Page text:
You probably know that I'm the great encourager for everyone to know where their food comes from and for it to resemble the actual living organism as closely as possible. Having dirt still attached to potatoes and carrots still having their tops on, apples with blemishes and no sticker gives you evidence that they were grown. Seeing pumpkin cut up in a plastic tray with plastic wrap seems like such a waste of time and resources when it comes off the vine packaged in its tough skin.
Likewise, it's sad seeing trays of meat, neatly and exactingly sliced into serving sized piece so you can actually throw this straight into the pan and never have touched it. I'm guessing this makes it easier to distance yourself from the actual animal that gave up it's life to feed you.
So I'm all for everyone knowing more about the food they eat, see it for what it is then you can make the decision to consume it. You've probably seen in your local supermarket these packages of roast duck. Well there's a picture on the packaging alluding to the contents being of duck origin.
Convenient, sure, having them in the shopping aisle, alongside cut up, wrapped celery and pre-sliced ham but you know you can buy roast ducks for a Chinese take-away. Yes, they can appear to be quite real, tortured even, but if you've made the decision to eat a duck, buying it in three layers of plastic doesn't mean that it just became a Peking duck breast.
I don't rejoice in being this Loki-like character, you know a chaotic neutral who just wants to upset people without any real reason. You may not care either way, thinking about this stuff or having these dead creatures and dirt-encrusted vegetables thrust your way. I do think people should get out of the supermarket; get to know a butcher, visit a delicatessen who will slice ham for you, choose your ducks from the window.
Speaking of ducks - and to finish my thought gymnastics, just the other day - my friend Jeff Fook came to work and asked if I wanted a duck. Sure I want a duck, I said to myself, who doesn't? Then, on my affirmative nod, he says "What about two ducks?" Again, I can think quickly under these conditions, two ducks sounds way better than just one. "And do ya want some duck eggs?" I'm thinking we should play poker, I like his style. "Yes, I would love a pair of ducks and some eggs ... can you raise me some foie gras?"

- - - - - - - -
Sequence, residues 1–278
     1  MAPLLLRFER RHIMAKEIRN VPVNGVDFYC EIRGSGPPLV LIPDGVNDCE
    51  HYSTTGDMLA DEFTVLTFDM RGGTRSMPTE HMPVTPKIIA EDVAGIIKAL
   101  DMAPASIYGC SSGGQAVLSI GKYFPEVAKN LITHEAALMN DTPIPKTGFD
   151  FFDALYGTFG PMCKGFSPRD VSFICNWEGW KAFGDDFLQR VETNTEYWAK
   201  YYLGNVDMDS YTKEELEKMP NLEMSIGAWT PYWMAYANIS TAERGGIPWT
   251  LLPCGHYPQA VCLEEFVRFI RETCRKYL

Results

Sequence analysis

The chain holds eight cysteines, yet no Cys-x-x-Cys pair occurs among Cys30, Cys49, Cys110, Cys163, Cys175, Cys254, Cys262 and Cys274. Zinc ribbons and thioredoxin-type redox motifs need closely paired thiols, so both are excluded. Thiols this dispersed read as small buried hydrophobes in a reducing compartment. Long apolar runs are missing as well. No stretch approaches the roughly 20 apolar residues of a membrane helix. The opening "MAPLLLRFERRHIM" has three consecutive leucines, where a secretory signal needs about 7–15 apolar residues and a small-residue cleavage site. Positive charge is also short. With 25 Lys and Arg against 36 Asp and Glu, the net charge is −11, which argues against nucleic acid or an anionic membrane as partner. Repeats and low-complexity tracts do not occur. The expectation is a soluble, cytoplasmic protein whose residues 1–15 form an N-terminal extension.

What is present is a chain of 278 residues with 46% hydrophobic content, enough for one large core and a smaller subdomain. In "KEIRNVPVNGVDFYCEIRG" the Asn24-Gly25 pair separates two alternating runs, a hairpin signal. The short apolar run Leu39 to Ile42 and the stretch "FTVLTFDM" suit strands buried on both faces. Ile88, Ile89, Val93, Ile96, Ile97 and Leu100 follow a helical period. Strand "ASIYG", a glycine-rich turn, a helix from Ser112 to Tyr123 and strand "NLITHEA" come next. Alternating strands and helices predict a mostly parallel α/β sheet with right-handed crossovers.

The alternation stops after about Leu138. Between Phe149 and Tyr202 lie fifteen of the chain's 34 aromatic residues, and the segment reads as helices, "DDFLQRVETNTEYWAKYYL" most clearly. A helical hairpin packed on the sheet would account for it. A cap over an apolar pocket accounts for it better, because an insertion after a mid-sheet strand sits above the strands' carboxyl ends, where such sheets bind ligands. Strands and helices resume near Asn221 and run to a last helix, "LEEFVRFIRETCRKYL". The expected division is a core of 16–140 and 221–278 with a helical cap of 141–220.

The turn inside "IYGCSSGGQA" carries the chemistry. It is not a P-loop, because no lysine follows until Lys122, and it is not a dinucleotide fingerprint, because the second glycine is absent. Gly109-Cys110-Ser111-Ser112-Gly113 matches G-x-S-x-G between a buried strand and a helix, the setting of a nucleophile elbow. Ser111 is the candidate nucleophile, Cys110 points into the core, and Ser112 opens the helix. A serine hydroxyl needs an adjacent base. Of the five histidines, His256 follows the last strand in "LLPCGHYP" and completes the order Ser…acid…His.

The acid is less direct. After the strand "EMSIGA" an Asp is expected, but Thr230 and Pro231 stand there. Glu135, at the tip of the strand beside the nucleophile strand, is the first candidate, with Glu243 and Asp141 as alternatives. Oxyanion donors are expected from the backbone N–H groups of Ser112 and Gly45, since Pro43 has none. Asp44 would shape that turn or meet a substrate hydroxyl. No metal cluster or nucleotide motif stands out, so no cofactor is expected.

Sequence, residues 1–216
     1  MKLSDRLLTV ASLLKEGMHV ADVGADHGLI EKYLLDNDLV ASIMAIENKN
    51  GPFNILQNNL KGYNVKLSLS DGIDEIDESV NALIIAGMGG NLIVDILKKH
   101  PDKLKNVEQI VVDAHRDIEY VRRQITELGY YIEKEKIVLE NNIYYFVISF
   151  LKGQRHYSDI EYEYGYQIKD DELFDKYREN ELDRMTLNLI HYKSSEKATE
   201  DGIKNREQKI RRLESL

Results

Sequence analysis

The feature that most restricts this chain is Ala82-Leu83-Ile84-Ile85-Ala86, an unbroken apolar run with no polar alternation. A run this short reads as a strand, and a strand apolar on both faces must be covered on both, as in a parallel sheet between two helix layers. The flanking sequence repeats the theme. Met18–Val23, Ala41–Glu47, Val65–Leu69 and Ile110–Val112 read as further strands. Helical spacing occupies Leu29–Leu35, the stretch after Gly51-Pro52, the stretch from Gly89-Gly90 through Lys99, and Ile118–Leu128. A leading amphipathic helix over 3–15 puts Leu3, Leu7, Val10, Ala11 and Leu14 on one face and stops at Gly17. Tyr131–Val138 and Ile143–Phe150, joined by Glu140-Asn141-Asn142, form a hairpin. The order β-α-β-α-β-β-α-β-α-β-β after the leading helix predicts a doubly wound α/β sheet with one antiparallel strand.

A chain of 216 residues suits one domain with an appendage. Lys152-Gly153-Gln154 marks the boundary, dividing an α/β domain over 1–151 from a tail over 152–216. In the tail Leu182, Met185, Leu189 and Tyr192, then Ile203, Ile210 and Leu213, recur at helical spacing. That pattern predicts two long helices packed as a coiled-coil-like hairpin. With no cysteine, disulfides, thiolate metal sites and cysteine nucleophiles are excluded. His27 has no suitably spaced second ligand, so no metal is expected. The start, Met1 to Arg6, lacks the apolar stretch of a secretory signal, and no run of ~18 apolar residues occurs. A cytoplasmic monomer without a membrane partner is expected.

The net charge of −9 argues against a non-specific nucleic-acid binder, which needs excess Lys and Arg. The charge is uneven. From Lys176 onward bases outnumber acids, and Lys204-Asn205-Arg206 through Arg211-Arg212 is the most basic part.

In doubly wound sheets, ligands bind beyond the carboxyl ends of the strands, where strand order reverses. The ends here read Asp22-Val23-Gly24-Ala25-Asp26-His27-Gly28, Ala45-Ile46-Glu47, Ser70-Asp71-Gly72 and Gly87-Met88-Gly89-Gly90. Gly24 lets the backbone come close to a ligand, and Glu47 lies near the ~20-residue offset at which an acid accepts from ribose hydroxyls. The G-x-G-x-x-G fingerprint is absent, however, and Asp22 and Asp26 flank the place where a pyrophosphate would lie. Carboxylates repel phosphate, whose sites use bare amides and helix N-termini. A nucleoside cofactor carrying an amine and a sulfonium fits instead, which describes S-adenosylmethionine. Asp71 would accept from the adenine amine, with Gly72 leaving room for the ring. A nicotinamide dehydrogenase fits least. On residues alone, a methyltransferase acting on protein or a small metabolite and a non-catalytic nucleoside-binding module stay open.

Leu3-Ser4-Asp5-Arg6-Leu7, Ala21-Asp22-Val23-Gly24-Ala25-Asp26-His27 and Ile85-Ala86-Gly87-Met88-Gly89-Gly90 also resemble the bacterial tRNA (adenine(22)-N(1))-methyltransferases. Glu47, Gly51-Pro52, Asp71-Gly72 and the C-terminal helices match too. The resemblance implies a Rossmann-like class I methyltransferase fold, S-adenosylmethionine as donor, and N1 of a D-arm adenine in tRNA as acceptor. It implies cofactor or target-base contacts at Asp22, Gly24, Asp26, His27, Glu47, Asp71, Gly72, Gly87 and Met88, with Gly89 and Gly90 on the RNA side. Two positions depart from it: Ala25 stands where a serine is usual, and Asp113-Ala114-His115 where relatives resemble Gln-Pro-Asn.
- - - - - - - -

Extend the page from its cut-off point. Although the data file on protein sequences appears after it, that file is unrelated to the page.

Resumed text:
The deal is done and the next day we have the ducks. If you are concerned about food looking real then you won't like this. It's definitely a duck, even without my childhood memory of Daffy I can see that the head, bill and feet all point toward a canard. It's big and clearly very fresh so what to do with my new found wealth in water birds?
Having the eggs makes me think of the beautiful egg nets that are used to encase Thai salads at Longrain in Sydney. And what could be better than using the duck eggs to make these gossamer wrappings.
Here is a process to make your own Chinese-style roast duck, which involves preparing the skin to form that lovely, glassy exterior and an intense stuffing to flavour the duck with loads of Asian sounding items. I've leaned toward Thailand but you can just buy a roast duck from your favourite Asian take-away which speeds up the process considerably.
Duck egg nets with roast duck salad
1 large duck
4 tbsp hoisin
2 tbsp sugar
1 tbsp five-spice powder
1 tbsp salt
1 tsp white pepper
1 thumb sized knob ginger, sliced
2 spring onions, tied up
4 star anise
Cut off wing tips, wash the duck and pat dry. Mix together the hoisin, sugar, five-spice powder, salt and pepper. Smear this into the cavity of the duck and place the fresh ginger, star anise and spring onion in there too.
Sew it all up with a metal skewer - take your time, this needs to hold in all that gear you just stuffed inside. Place on a rack and leave uncovered in the fridge for at least 24 hours.
6 kaffir lime leaves
1 lemongrass stalk, smashed
2 thick slices galangal
4 coriander roots
1 cup grated palm sugar
1 cup white wine vinegar
Bring water to the boil with the lime leaf, lemongrass, galangal and coriander roots. Cook for 10 minutes, strain. Dissolve into this the palm sugar and half the vinegar and keep warm.
Bring a large pot of water with the other half of the vinegar to the boil and blanch the duck in this for 20 seconds and drain on a rack. While the duck is still hot, paint with the marinade a few times.
If you have room have the duck hanging over a tray in the fridge for six hours or place on a rack.
Bring the oven to 200C, bake the duck, breasts up, on a rack over a tray with a cup of water in it for 45 minutes. Lower the heat to 170C, turn the duck over and cook for another 45 minutes. Cover with foil and rest. You can serve this salad hot or cold.
Duck egg nets
6 duck eggs
Whisk the duck eggs well and strain, chill for a few hours. Using a non-stick crepe pan or similar, heat the pan and brush with a little oil. Now dip your fingertips into the eggs and quickly make criss-cross patterns, re-dipping with the eggs as needed, once each is cooked pile them up on a plate. They will cook quickly so you need to be organised.
1 roast duck, as above or from your fave Chinese take-away
2 long red chillies, sliced
2-3 eschalots, slice finely
1 lemongrass, slice finely
6 kaffir lime leaves, shredded
1 packet of bean sprouts, super fresh, pull off the threads and seeds
1 cucumber, seeded and sliced
1 green mango, sliced finely (optional)
½ cup mint leaves, chopped
½ cup coriander leaves
¼ cup roasted peanuts, coarsely chopped
1 small red or green chilli, chopped finely
2 tbsp fish sauce
60ml lime juice
1 tsp sugar
Mix together the dressing components. Pull the meat off the duck and slice, trying to keep some skin and fat on each slice, mix together with the other salad ingredients and dress.
To serve: Place one egg net on a plate, add enough salad to cover one side and fold over.